"Data protection of digital assets is of paramount concern to enterprises," said Jeff Janukowicz, Research Director for Solid State Storage at IDC. "Not only is it necessary to securely store data but that data must be accessible through multiple applications in a system without a single point of failure. TMS has incorporated high availability into a system with the high performance and reliability of SLC Flash to make the RamSan-720 a complete SAN Flash storage appliance for mission critical environments."
The RamSan-720 will be available at the end of January 2012.
For more information about the RamSan-720, please visit: http://RamSan.com/Products/RamSan-720 .
About Texas Memory Systems
Texas Memory Systems (http://RamSan.com) designs and builds solid state storage systems that accelerate demanding enterprise applications. Its award-winning RamSan product line, known as The World's Fastest Storage, has continually delivered fast, reliable, and economical solutions to a broad range of enterprise and government clients around the world. Since its founding in 1978, all product design and manufacturing have taken place at Texas Memory Systems facilities in Houston, TX, allowing Texas Memory Systems to meet the highest standards of engineering excellence and product quality.
Source: Texas Memory Systems
In a recent solicitation, the NSF laid out needs for furthering its scientific and engineering infrastructure with new tools to go beyond top performance, Having already delivered systems like Stampede and Blue Waters, they're turning an eye to solving data-intensive challenges. We spoke with the agency's Irene Qualters and Barry Schneider about..
Large-scale, worldwide scientific initiatives rely on some cloud-based system to both coordinate efforts and manage computational efforts at peak times that cannot be contained within the combined in-house HPC resources. Last week at Google I/O, Brookhaven National Lab’s Sergey Panitkin discussed the role of the Google Compute Engine in providing computational support to ATLAS, a detector of high-energy particles at the Large Hadron Collider (LHC).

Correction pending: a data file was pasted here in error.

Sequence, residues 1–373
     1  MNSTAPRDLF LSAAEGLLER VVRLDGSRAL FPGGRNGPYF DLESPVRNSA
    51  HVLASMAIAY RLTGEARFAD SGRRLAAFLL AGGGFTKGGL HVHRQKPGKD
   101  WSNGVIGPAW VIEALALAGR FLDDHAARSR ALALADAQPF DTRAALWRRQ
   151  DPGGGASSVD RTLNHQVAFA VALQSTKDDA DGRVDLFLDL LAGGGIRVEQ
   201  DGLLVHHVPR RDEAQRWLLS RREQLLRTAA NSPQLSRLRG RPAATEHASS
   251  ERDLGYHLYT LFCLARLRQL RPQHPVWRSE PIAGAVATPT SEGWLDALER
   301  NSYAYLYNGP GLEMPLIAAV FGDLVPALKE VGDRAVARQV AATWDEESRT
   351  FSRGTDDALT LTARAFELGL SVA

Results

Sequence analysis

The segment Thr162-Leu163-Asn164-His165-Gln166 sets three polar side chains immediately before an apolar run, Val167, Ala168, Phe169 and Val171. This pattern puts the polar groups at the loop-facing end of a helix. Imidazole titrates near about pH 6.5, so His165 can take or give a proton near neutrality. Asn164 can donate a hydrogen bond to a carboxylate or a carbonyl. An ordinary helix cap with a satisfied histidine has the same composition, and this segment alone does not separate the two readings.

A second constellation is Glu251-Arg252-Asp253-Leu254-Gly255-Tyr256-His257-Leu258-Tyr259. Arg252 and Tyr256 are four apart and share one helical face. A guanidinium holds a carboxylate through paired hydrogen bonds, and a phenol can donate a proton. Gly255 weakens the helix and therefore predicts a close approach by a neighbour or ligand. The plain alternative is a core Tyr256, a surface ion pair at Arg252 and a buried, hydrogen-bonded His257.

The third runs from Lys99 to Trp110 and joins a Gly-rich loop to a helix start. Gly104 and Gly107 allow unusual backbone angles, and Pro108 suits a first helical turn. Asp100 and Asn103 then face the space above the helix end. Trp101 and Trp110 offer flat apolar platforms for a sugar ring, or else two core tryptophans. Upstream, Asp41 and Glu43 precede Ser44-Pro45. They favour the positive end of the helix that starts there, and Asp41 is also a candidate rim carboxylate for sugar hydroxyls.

The Xeon Phi coprocessor might be the new kid on the high performance block, but out of all first-rate kickers of the Intel tires, the Texas Advanced Computing Center (TACC) got the first real jab with its new top ten Stampede system.We talk with the center's Karl Schultz about the challenges of programming for Phi--but more specifically, the optimization...
May 22, 2013 |
At some point in the not-too-distant future, building powerful, miniature computing systems will be considered a hobby for high schoolers, just as robotics or even Lego-building are today. That could be made possible through recent advancements made with the Raspberry Pi computers.
May 16, 2013 |
When it comes to cloud, long distances mean unacceptably high latencies. Researchers from the University of Bonn in Germany examined those latency issues of doing CFD modeling in the cloud by utilizing a common CFD and its utilization in HPC instance types including both CPU and GPU cores of Amazon EC2.
May 15, 2013 |
Supercomputers at the Department of Energy’s National Energy Research Scientific Computing Center (NERSC) have worked on important computational problems such as collapse of the atomic state, the optimization of chemical catalysts, and now modeling popping bubbles.
May 10, 2013 |
Program provides cash awards up to $10,000 for the best open-source end-user applications deployed on 100G network.
May 09, 2013 |
The Japanese government has revealed its plans to best its previous K Computer efforts with what they hope will be the first exascale system...
05/10/2013 | Cleversafe, Cray, DDN, NetApp, & Panasas | From Wall Street to Hollywood, drug discovery to homeland security, companies and organizations of all sizes and stripes are coming face to face with the challenges – and opportunities – afforded by Big Data. Before anyone can utilize these extraordinary data repositories, however, they must first harness and manage their data stores, and do so utilizing technologies that underscore affordability, security, and scalability.
04/15/2013 | Bull | “50% of HPC users say their largest jobs scale to 120 cores or less.” How about yours? Are your codes ready to take advantage of today’s and tomorrow’s ultra-parallel HPC systems? Download this White Paper by Analysts Intersect360 Research to see what Bull and Intel’s Center for Excellence in Parallel Programming can do for your codes.
In this demonstration of SGI DMF ZeroWatt disk solution, Dr. Eng Lim Goh, SGI CTO, discusses a function of SGI DMF software to reduce costs and power consumption in an exascale (Big Data) storage datacenter.
The Cray CS300-AC cluster supercomputer offers energy efficient, air-cooled design based on modular, industry-standard platforms featuring the latest processor and network technologies and a wide range of datacenter cooling requirements.